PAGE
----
The other women (whom I know and admire, and whose blogs I love reading) both answered immediately. Yes. It’s hard. There has to be a balance of being aspirational and approachable. They talked about consciously adding in a few ‘oops’ moments to some of their posts, to counter the possible air of perfection. And they get it — I get it. Nobody wants to read the blog that makes someone feel bad about themselves, and nobody wants to be the person causing those feelings.

“I probably include too many ‘oops’ moments,” I joked. “Maybe I’m not aspirational enough!” I mean, that rug? I don’t know about it. I’m having second thoughts, which is probably annoying to you guys. It’s annoying to myself. But I do something, I get excited, and I share. The layout of the library? It’s tricky. Incorporating all of our home’s oak and fir? I’m doing my best to do it justice. Sometimes I know exactly where I’m going with the design of this house and sometimes I’m figuring it out along the way, and perhaps I share it too soon before I’ve got it all sorted. But that’s what’s fun about having this space. That’s what I love writing about, and that’s what keeps me happy day after day and excited about blogging here.

For a long time, I thought I was doing it wrong. I watched people grow their businesses by taking on contributors and assistants, by posting more frequently, by analyzing results. More. Bigger. Better. I thought I needed to follow suit, and I learned that it wasn’t for me. There are so many rules and tricks to blogging with the intent to grow, often as quickly as possible (it is literally my job to teach them). Remain relatable. Include photos of yourself X% of the time. Work Pinterest with tutorials and the right image formats. And you know, the formulas work! But they also lead to burnout (and I do include that caveat in class as well, lest I lead my twenty-year-olds astray). Other bloggers do what’s right for them and I love to watch and learn, but ultimately I need to do what works for me even if it isn’t ‘the right way’ to do things. This blog is dear to me and incredibly important to our family as it’s our income, but I want it to succeed in a way that feels true.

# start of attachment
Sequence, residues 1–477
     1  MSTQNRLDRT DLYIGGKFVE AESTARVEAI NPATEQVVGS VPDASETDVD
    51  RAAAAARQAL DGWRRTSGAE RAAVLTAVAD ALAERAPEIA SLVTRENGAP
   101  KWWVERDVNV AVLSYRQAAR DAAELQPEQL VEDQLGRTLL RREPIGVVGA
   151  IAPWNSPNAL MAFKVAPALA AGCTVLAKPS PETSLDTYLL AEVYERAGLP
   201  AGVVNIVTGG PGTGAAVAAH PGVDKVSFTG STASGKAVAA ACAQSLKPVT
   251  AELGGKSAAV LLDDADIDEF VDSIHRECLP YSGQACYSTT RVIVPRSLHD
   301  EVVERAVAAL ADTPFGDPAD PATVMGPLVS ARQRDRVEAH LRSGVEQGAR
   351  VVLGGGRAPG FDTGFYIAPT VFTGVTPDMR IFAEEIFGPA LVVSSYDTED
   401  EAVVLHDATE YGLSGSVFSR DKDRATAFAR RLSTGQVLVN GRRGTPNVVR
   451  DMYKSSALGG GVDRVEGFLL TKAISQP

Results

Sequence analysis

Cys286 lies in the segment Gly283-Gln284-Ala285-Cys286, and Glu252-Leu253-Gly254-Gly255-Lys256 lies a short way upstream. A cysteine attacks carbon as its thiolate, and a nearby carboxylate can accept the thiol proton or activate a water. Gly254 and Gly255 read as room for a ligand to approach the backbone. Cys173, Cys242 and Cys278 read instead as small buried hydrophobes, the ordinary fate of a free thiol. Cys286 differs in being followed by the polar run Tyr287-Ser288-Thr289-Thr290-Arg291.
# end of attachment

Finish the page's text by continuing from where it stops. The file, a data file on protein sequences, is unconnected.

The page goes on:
I think about spaces. I think about our home, and the fictional fifteen other homes I would decorate if time and money and locations were unlimited. I think about style and the easy reinvention of a wardrobe that comes with a great new pair of shoes or a killer dress. I think about turning out amazing meals and mixing the perfect drink and having children that will eat quinoa as easily as they will Coco Wheats. I have an idea of where I’m going but I make mistakes and I share as I go because that’s life, not a business strategy. I’m so appreciative of having people alongside me, even as I waffle, rethink, redo, and correct. That’s life, and that’s part of the fun.

Plants by Lila B. Design at Stable Café, San Francisco
Photo taken over the weekend at the beautiful Stable Café in San Francisco. Note the burned out light bulb. ‘Oops.’

That’s a Wrap

This has been an excellent week for Calvin to go through sleep regression! You’d think a baby could get his act together by now, am I right?

Anyway, we’re on the other side of our big photo shoot. The house looked amazing, and I can’t wait to share the details and show everything to you! The photos are for a Christmas issue, so the good stuff will have to wait until it’s out, but here’s the tiniest of sneak peeks.

Christmas Wreath

There was garland everywhere, wreaths in the windows, a fresh tree in the library (complete with tons and tons of wrapped empty boxes beneath), and a cute little tree in the play room. Christmas just seems to come earlier and earlier each year, doesn’t it? Right after Easter, in this case.